- Lipids are heterogeneous compounds related to fatty acids.
- They are insoluble in water but soluble in nonpolar solvents such
as ether, acetone and chloroform.
Biological importance of lipids
- Lipids act as a source of energy. They
are superior to carbohydrate and protein since they yield twice
the energy produced by the same weight of carbohydrates or proteins.
- They are the natural solvent for fat-soluble
- They contain essential fatty acids.
- Lipids in adipose tissue serve as energy
- Lipids have a role in protection and
fixation of internal organs as kidneys.
- Lipids in myelin sheath of nerve fibers
serve as electrical insulator.
- Lipids under the skin serve as thermal
- Lipoproteins are essential components
in the structure of cell membrane and mitochondria. Also, they
are important for lipid transport in the blood.
- Acetyl CoA derived from fatty acids oxidation
is used for biosynthesis of may important compound e.g. steroids.
Classification of lipids
Lipids are classified into simple, compound (conjugated) and
I- Simple lipids
They are formed of fatty acids and alcohol. They are further
classified according to the type of alcohol present into:
1- Fats and oils
II- Compound lipids
They are formed of simple lipids and other non-lipid part e.g.:
III- Derived lipids
These are substances derived from simple lipids and compound
lipids by hydrolysis. They also, include substances related
to lipids. Derived lipids include:
- Fatty acids
- prostglandins and leukotriens derived
from arachidonic acid.
Simple lipids are esters of fatty acids with various alcohols.
The alcohol may be glycerol or other long chain alcohol.
Simple lipids are classified into fats, oils and waxes, according
to the type of alcohol they contain.
1- Fats and oils
They are esters of fatty acids with glycerol. They are similar
chemically, but they differ in physical properties, as oils are
liquid while fats are solid at room temperature.
They are called triglycerides because they are formed of glycerol
and 3 fatty acids.
The 3 fatty acids may be the same e.g. palmetic or stearic acids
forming tripalmetine or tristearine respectively, or the may be
different forming triglycerides with 3 different fatty acids.
They are esters of acids with long chain monohydric alcohol.
They are solid at room temperature
The most important waxes in human body are cholesterol esters,
which are present in blood and other tissues.
The following table shows the differences between fats and waxes
|Consistency at room temperature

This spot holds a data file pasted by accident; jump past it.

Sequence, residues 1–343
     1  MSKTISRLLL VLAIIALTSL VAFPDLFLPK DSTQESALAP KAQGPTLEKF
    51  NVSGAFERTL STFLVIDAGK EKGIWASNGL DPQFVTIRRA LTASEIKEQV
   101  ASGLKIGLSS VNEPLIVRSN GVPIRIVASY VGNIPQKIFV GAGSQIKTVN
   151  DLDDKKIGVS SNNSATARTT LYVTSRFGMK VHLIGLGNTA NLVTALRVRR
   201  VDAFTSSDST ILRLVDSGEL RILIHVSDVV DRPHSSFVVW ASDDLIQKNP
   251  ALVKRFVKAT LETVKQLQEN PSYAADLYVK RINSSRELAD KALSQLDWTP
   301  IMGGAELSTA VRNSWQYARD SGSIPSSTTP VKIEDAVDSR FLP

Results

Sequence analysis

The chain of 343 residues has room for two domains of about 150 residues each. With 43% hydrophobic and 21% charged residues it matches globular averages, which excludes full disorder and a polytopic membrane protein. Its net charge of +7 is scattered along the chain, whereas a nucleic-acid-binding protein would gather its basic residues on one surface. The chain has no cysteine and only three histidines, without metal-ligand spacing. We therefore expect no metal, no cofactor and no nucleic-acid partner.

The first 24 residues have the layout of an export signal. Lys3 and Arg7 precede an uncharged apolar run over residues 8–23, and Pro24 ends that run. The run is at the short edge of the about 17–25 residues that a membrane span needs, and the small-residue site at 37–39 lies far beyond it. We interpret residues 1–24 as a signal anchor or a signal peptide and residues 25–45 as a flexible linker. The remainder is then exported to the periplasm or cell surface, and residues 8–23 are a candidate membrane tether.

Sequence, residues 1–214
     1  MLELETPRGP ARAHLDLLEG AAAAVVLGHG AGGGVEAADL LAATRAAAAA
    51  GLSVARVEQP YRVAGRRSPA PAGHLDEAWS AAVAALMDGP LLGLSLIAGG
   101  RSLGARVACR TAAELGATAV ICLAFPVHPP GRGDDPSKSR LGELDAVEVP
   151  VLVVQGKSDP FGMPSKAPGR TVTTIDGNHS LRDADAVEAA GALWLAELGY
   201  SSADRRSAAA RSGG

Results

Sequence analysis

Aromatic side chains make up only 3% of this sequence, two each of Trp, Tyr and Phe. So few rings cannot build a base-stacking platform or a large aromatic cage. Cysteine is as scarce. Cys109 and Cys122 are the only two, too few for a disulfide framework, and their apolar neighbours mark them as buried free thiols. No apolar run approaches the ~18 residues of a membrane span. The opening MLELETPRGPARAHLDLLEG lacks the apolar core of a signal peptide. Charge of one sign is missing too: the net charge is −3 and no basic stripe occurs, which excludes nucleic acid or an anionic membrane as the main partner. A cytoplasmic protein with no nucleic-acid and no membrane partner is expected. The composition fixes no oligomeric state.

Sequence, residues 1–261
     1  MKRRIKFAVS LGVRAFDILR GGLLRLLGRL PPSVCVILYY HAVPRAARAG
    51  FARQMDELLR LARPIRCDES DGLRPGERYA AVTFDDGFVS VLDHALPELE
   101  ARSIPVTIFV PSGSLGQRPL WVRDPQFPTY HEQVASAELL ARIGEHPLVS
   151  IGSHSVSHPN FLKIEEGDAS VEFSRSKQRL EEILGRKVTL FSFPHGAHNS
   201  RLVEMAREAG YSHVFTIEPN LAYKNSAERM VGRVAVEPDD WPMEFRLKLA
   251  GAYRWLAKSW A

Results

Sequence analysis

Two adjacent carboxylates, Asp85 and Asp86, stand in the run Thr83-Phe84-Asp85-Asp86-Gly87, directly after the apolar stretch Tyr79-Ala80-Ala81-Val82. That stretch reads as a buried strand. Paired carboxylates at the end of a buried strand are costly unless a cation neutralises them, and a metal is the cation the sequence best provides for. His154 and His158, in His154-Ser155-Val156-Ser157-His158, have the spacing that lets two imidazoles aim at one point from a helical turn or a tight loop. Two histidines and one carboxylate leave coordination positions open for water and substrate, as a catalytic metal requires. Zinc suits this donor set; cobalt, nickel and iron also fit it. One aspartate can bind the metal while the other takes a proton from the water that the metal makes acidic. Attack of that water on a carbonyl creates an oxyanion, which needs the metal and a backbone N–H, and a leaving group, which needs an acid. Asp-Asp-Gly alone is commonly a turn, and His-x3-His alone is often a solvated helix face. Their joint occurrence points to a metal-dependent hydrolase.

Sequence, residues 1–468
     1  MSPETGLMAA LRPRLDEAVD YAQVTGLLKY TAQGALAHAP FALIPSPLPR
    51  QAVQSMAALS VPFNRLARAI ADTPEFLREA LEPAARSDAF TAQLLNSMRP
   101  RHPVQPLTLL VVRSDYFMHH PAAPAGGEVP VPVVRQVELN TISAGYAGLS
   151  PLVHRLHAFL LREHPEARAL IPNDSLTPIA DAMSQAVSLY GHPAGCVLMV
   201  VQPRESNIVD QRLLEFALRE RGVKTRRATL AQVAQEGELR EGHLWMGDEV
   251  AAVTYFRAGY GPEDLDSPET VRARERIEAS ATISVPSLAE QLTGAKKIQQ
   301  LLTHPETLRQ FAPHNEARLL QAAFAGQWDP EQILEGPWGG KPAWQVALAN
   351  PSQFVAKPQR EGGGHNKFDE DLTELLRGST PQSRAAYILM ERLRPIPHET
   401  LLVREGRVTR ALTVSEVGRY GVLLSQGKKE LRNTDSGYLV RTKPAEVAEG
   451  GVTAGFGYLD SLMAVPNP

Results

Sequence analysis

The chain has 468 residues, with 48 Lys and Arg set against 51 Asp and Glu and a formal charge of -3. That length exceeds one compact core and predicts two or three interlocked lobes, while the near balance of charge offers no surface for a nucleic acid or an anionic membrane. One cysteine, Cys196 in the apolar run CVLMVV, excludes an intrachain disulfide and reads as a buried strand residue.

||Fats are solid
Oils are liquid
||Glycerol and 3 fatty acids
||Long chain alcohol and fatty acid
|Long chain alcohol
||They can undergo rancidity
||Do not undergo rancidity
||Digested by lipase
|Utilization by human body
||Can be utilized
||Can not be utilized
It is a trihydric alcohol.
It is colourless and viscid fluid with sweat taste.
It is miscible with water in all proportions.
With strong dehydrating agents, as concentrated sulphuric acid,
glycerol can be converted to acrolein that has very irritating
odour. This is called acrolein test.
Importance of glycerol:-
- It is used in pharmaceutical and cosmetic
- It is used as explosive in the form
- It is used in medicine as a vasodilator
agent in coronary heart diseases in the form of nitroglycerine.
These are organic acids, which usually contain an even number
of carbon atoms. They are further classified into saturated and
unsaturated fatty acids according to absence or presence of double
A- Saturated fatty acids
- They have no double bonds. They have the general formula
- They are further classified, according to the number of carbon
atoms, into short chain and long chain fatty acids.
The following table shows the differences between short chain
and long chain fatty acids.
chain fatty acids
|| Long chain
|Number of carbon atoms
||Less than 10 carbons
||More than 10 carbons
|Consistency at room temperature
|Solubility in water
||Acetic contains 2 carbons
Butyric contains 4 carbons
|Palmetic contains 16 carbons
Stearic contains 18 carbons
The following table shows the formulae of the most common saturated
of carbon atoms
B-Unsaturated fatty acids
They have one or more double bonds.
- Oleic acid that contains 18 carbon atoms
and one double bond
- Linoleic acid that contains 18 carbon
atoms and 2 double bonds
- Linolenic acid that contains 18 carbon
atoms and 3 double bonds
- Arachidonic acid that contains 20 carbon
atoms and 4 double bonds
Essential fatty acids
- They are polyunsaturated fatty acids
i.e. fatty acids, which contain more than one double bond.
- They include linoleic, linolenic and
- They are essential for growth.
- They must be taken in diet because the
body cannot synthesize them, as the enzymes that are needed
for their synthesis are absent in humans.
- Arachidonic acid, which is one of the
essential fatty acids, is important for biosynthesis of prostaglandins.
General properties of fatty acids
- They usually contain an even number
of carbon atoms.
- They have straight chains.
- They may be saturated or unsaturated.
Unsaturated fatty acids are more reactive than saturated fatty
- Some fatty acids are hydroxylated e.g.
- Lower fatty acids are soluble in water
and this solubility decrease with increasing chain length.
- Palmitic, stearic and oleic acids make
up the bulk of animal depot fat.
Physical properties of fatty acids